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What’s in a great name? For one, it’s protected. In 2015, there were over 288,000 U.S. trademark applications filed alone. As founder of a naming agency, I’m aware of how hard it is to generate names that are not only unique and relevant but ownable.

Large brands like Under Armour have spent millions of dollars going after even the smallest companies to protect their name. Recently, they pursued a small family business named Armor & Glory, requiring they “destroy all products, hand over its domain name and any profits, and pay Under Armour’s attorney’s fees and damages of $100,000 or more.”



Renaming your company down the road can cost brands hundreds of thousands of dollars, so it’s important to get it right the first time. I interviewed trademark professional Ross Brandborg, an attorney at Brudvik Law Office, for insight on how to trademark a name and protect in the future.

What are the most common problems you see with trademarking names?
RB: The first is being too descriptive. If you are selling widgets, you can’t name your startup ‘widget company’. Descriptiveness is a big problem because it’s the first instinct people have in creating a name for their brand, but it’s a dangerous one, as descriptive names are harder to trademark. The government doesn’t let you corner the market on a generic name. My favorite example is Kleenex. It’s a made up word that has nothing to do with paper tissue, and it became so successful that now it’s synonymous with tissues.

The second is failure to do a proper search. To do a proper search, you first need to head to to confirm your name is not registered in the category you are selling goods/services. You can still use the same name if it is trademarked in a non-competing industry. For example, you could trademark Easy Go Car Wash even if Easy Go Dry Cleaning is trademarked. Then you need to search online to see if and how the name is currently being used.

What happens if you are refused a trademark?
RB: If you are refused a trademark, it’s usually based on similarities. Is there a possibility of consumer confusion, mistake or deception? The trademark will be refused if there’s a chance for consumer confusion. What you’re really looking for is how it sounds. If your name sounds similar to a trademarked name, it poses a bigger red flag than how it reads. You can still use the name if it’s rejected based on descriptiveness. If you are rejected because it’s similar you likely are infringing.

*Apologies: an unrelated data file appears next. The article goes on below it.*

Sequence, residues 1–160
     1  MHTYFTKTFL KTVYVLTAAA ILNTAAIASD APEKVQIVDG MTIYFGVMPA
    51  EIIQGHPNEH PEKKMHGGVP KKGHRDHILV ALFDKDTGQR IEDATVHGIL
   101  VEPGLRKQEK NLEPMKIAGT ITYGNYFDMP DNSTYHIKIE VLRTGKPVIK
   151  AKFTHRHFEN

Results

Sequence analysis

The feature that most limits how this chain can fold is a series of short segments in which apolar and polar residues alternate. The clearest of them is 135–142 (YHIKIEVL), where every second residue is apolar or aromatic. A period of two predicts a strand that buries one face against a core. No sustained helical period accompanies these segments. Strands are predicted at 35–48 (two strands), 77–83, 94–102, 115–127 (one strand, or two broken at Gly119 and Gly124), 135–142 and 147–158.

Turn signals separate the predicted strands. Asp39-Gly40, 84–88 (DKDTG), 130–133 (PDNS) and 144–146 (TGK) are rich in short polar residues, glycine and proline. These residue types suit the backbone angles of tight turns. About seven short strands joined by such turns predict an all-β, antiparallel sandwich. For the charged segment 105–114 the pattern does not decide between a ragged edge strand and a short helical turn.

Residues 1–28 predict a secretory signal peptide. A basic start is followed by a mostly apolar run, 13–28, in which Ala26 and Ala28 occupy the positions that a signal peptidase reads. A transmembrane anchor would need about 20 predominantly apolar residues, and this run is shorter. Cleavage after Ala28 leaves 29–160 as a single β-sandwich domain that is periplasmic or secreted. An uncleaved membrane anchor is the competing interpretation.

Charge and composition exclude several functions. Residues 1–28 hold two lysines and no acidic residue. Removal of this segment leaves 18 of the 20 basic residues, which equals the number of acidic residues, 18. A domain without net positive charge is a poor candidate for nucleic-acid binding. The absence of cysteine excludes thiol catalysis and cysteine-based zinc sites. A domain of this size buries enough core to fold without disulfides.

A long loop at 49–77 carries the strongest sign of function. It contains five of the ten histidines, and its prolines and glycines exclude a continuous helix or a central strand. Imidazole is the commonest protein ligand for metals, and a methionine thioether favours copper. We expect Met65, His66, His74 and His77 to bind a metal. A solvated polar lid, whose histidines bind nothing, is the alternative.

Any tips on choosing a strong name to trademark?
RB: Aim for uniqueness. I don’t just mean different. Try to select a really unique name, like Google. It’s a weird word, but it works. I think that is the most important. As much as you want to describe your product with your name, avoid being too descriptive. Curiosity is a big part of branding – are you making customers wonder?

After you trademark a name, how can you protect it?
RB: If you are granted a trademark, you are expected to police the name from infringers. Once you notice someone is infringing you need to take legal action. In addition, you need to keep track of your five-year maintenance fee. This includes affirming that you are still using the name and selling the service/product – if you’re no longer using it, then you cannot trademark the name. To protect it further, after five years you can file for incontestability further strengthening your mark.

How much does it cost to hire a trademark lawyer for a name? How long does the process take?
RB: Fees vary from $500 to $5000, depending on how much time it takes. It can take longer if the name is rejected and we appeal the rejection. Our fee for trademarking a basic wordmark (a word or name) is $1,110.00. This includes the $225 filing fee for one category. It can take 3-5 months to receive an answer from the trademark office.

Any parting advice?
RB: There are non-trademark ways to protect a name. For example, my website is  I have not filed for a trademark, nor will I. It is likely too descriptive, and even if we were able to push it through, I still own the domain name. It is not a name that is useful without the domain.

One last point I would make is: When starting out, don’t get married to a name.  You may be told you cannot use the name. Be creative and change the name and bend the story you are telling.

Special thanks to Ross Brandborg for this interview. To trademark your brand today, visit him at